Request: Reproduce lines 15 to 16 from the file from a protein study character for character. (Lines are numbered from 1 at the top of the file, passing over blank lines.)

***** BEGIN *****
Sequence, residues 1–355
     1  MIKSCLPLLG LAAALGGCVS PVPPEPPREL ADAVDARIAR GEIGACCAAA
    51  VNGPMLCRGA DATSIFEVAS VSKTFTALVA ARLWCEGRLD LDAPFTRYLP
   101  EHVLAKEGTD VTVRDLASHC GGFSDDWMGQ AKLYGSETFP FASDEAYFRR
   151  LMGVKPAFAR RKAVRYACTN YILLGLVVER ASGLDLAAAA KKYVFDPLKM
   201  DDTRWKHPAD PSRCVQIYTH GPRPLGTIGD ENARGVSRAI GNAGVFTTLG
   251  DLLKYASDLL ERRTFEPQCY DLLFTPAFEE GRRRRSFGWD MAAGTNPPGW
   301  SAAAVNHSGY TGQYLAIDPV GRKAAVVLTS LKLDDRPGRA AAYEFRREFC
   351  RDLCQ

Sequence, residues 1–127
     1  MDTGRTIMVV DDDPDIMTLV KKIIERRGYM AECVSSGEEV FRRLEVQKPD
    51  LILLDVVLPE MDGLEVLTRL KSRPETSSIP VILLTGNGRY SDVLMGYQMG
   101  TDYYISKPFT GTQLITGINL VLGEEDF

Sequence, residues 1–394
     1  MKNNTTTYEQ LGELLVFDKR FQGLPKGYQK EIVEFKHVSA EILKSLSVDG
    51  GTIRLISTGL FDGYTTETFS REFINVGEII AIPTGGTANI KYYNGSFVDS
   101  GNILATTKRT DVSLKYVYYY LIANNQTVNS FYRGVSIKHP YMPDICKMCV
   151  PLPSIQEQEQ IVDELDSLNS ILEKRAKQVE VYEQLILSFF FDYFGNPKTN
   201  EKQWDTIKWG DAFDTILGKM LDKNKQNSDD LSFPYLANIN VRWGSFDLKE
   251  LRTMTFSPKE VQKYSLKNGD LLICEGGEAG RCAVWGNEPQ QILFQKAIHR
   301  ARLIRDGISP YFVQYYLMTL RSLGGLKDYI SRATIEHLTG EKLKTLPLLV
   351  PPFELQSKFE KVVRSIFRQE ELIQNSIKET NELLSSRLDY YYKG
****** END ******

     1  MKNNTTTYEQ LGELLVFDKR FQGLPKGYQK EIVEFKHVSA EILKSLSVDG
    51  GTIRLISTGL FDGYTTETFS REFINVGEII AIPTGGTANI KYYNGSFVDS